Electrospun Rapamycin-Eluting Polyurethane Fibers for Vascular Grafts

ABSTRACT

Purpose

To develop rapamycin-eluting electrospun polyurethane (PU) vascular grafts that could effectively suppress local smooth muscle cell (SMC) proliferation.

Methods

Rapamycin (RM) was incorporated in PU fibers by blend electrospinning using three distinct blending methods. The drug release profiles and the bioavailability of RM-containing PU fibers in the form of fibrous mats and vascular grafts were evaluated up to 77 days in vitro.

Results

RM-contained PU fibers generated by the three distinct blending methods exhibited significantly different fiber diameters (200–500 nm) and distinct RM release kinetics. Young’s moduli of the electrospun fibrous mats increased with higher RM contents and decreased with larger fiber diameters. For all blending methods, RM release kinetics was characteristic of a Fickian diffusion for at least 77 days in vitro. RM-PU fibers generated via powder blending showed the highest encapsulation efficiency. The RM in grafts made of these fibers remained bioactive and was still able to inhibit smooth muscle cell proliferation after 77 days of continual in vitro release.

Conclusions

Electrospun RM-containing PU fibers can serve as effective drug carriers for the local suppression of SMC proliferation and could be used as RM-eluting scaffolds for vascular grafts.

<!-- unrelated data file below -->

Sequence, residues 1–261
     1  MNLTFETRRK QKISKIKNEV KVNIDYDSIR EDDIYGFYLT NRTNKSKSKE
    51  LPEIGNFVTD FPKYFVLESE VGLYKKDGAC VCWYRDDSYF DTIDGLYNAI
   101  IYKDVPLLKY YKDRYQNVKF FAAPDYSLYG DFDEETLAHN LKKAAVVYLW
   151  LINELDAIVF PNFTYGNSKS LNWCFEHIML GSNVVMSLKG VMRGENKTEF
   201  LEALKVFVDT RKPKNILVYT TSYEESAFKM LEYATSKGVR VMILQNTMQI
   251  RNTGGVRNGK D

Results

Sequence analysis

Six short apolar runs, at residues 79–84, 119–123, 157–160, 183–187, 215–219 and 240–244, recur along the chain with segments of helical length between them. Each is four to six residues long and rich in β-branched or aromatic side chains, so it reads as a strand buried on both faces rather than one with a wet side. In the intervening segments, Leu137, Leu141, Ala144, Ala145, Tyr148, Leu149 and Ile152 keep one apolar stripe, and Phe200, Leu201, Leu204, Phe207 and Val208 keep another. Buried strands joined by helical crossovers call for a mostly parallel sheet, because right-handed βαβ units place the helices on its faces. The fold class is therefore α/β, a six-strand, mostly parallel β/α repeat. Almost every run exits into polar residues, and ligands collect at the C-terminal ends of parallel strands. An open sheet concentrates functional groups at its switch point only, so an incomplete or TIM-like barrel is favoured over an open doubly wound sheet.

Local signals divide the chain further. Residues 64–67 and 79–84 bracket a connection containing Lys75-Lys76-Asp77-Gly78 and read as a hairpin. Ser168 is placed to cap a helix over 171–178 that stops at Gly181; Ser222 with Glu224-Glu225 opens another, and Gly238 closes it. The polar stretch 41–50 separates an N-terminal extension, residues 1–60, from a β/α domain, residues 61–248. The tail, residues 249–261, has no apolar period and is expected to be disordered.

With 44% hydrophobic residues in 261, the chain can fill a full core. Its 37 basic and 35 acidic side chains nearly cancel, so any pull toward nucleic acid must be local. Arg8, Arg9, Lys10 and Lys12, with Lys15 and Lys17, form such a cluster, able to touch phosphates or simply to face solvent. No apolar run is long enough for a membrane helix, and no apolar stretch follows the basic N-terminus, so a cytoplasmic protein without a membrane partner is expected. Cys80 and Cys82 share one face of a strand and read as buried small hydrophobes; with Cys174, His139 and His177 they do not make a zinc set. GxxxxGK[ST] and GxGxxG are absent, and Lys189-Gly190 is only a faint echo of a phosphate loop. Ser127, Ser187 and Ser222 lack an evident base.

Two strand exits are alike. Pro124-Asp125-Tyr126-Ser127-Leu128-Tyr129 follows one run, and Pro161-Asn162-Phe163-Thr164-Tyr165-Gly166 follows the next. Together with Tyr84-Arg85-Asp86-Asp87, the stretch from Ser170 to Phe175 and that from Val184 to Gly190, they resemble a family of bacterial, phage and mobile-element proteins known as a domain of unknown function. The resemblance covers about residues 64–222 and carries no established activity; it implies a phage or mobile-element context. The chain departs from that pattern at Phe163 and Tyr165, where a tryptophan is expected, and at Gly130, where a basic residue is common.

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Abbreviations

AB:

almarBlue

BSA:

bovine serum albumin

DMEM:

Dulbecco’s Modified of Eagle’s Medium

FBS:

fetal bovine serum

HFP-1:

1, 1, 3, 3, 3-Hexafluoro-2-Propanol

HPLC:

high performance liquid chromatography

NS-IP:

normal saline-isopropyl alcohol solution

PANi:

polyaniline

PBS:

phosphate buffered saline

PGE:

PLGA-gelatin-elastin

PLGA:

poly(lactic-co-glycolic acid)

PTCA:

percutaneous transluminal coronary angioplasty

PU:

polyurethane

RM:

rapamycin

SMC:

smooth muscle cell

SPU:

segmented polyurethane

TCP:

tissue culture polystyrene

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ACKNOWLEDGEMENTS AND DISCLOSURES

Jingjia Han and Shady Farah equally contributed to this paper. This work was supported by a translational research grant by HUB (DU/BIOMED-IDR/HUJI) from Drexel University and The Hebrew University of Jerusalem. We thank Dr. Gozde Senel-Ayaz (Drexel BIOMED) for her assistance with SEM and Dr. Wahid Khan (IDR) for his assistance with developing the analytical method used to assess drug release.

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Correspondence to Abraham J. Domb or Peter I. Lelkes.

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Han, J., Farah, S., Domb, A.J. et al. Electrospun Rapamycin-Eluting Polyurethane Fibers for Vascular Grafts. Pharm Res 30, 1735–1748 (2013). https://doi.org/10.1007/s11095-013-1016-5

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KEY WORDS

  • drug release
  • electrospinning
  • rapamycin
  • restenosis
  • smooth muscle cell